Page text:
Buying a condo or leasing a new office space can be a giant and costly decision — and it’s all the more difficult when the building doesn’t yet exist.
But what if you could tour the space before it’s built? Real estate developers and leasing agents are turning to virtual reality to let prospective buyers experience a space even when a building is still under construction, or has yet to break ground.
The capability is being fueled by the rise of Oculus and other virtual reality headsets. The trend was on full display at the Game Developers Conference in San Francisco and Mobile World Congress in Spain this week, with companies including Valve, HTC, Sony and many others showing new (and improved) virtual reality technologies, boasting higher frame rates and untethered systems that make the experience more realistic.
That’s especially important for games. But the use of virtual reality by the real estate industry is an example of the technology’s potential to expand into many other areas of business and life.
“It’s a convergence of what gaming people have been doing for a long time, with architectural visualization, bringing those two worlds together,” said Boaz Ashkenazy, founding partner of Studio216. The digital production agency has expanded its real estate business beyond static renderings, first to interactive apps and now to immersive VR experiences.
In the Studio216 offices in Seattle last week, I donned an Oculus headset for a virtual tour of Park Tower, a new building planned for San Francisco’s Transbay neighborhood, slated to open in 2018, with more than 700,000 square feet of office and retail space. I navigated the virtual space easily, moving my head to peek into every corner of the floor, and getting a realistic sense for the size of the space and the distance from wall to wall.
The experience even showed the future view out a window from that particular floor, thanks to some clever use of aerial drone photography.
Here’s a video from Studio216, providing a sense for what the virtual reality experience is like for Park Tower and another project, LUMA, a residential tower planned in Seattle.
In addition to giving prospective tenants a chance to experience the space, real estate marketers say the use of virtual reality boosts the credibility of a project with prospective tech tenants, and gives others a chance to experience virtual reality for the first time.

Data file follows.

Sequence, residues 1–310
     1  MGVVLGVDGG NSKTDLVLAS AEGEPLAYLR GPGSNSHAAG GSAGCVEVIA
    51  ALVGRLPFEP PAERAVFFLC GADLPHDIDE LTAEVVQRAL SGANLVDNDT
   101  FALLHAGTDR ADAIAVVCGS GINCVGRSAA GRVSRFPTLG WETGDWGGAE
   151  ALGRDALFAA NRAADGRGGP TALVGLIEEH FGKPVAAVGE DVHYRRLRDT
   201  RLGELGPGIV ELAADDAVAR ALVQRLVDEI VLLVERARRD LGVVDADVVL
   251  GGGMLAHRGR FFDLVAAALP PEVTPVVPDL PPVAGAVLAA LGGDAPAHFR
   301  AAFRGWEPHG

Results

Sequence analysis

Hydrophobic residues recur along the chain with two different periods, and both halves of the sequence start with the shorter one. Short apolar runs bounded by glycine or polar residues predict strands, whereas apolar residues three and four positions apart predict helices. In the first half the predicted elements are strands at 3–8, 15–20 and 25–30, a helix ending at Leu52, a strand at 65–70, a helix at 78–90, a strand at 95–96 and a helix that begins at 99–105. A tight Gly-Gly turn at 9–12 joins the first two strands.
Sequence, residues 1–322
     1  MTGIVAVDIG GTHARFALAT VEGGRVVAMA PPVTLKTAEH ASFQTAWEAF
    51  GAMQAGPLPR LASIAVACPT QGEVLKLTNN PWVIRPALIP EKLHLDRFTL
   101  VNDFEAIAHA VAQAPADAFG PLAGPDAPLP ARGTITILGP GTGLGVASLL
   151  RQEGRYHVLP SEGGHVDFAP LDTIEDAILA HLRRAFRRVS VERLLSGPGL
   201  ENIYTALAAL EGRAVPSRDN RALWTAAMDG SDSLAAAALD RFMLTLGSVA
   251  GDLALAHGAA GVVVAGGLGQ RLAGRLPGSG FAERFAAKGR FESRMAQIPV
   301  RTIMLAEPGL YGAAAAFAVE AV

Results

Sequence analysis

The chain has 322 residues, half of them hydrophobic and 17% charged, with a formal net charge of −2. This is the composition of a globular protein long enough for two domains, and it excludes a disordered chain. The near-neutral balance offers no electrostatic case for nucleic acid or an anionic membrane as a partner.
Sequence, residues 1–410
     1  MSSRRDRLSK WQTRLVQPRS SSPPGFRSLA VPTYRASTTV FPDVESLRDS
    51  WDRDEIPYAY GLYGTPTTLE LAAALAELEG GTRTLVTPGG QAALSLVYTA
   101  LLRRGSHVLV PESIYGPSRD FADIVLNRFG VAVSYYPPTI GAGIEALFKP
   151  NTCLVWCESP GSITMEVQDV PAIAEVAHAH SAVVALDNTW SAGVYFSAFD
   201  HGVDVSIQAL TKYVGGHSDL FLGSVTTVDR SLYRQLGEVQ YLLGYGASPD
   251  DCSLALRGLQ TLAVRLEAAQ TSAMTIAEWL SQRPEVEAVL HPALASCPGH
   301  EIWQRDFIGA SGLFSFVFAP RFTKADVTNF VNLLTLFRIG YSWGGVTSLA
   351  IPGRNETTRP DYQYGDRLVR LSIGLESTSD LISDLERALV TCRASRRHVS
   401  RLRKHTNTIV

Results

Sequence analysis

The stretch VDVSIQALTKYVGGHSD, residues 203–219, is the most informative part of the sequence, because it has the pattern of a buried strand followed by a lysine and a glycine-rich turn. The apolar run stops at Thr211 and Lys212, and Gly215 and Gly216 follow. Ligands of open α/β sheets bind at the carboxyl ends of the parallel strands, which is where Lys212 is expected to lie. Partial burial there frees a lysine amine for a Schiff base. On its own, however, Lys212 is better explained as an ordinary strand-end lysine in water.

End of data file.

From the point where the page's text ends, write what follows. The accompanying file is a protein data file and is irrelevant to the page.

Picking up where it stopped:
“To be able to show them something that they haven’t seen before — that, in and of itself, is a game-changer for us,” said Elizabeth O’Carroll, vice president of brokerage services with Jones Lang LaSalle, the commercial real estate services company, which is marketing the Park Tower project.
“This will be game-changing, we think, in terms of where our industry is headed — selling real estate and experiencing virtual environments,” agreed Jamie Fleming, the Studio216 CEO and founder. “I think consumers will really demand this level of immersion to make a better-informed decision.”
It’s not just prospective tenants or buyers who will benefit, Fleming pointed out. He noted that lenders, for example, will also want to take virtual reality tours of buildings before putting millions — or hundreds of millions — of dollars toward a major project.
One additional benefit is the ability to take screengrabs from any angle, allowing for endless static renderings to be generated from the virtual reality environment.
Another project that will use virtual reality is LUMA, a 24-story condo building slated for Seattle’s First Hill neighborhood. The virtual reality experience, also using an Oculus headset, will be available to prospective condo buyers in the LUMA sales center when it opens in April.
Of course, the cost of a creating virtual reality experience is higher than making a series of renderings. But real estate marketers say it’s possible to fit virtual reality projects within an existing marketing budget by reallocating funds from other areas — skipping old-fashioned scale models, for example.
Virtual reality “allows the prospective buyer to understand more fully what the finished product is ultimately going to look like,” said Stephen Fina of Red Propeller, the real estate sales and marketing company working with developer Lowe Enterprises on the LUMA project. “It’s very hard for people to understand that from 2D plans or even from renderings that are well-executed. We like people to be able to move around in the space and experience the space they will ultimately live in.”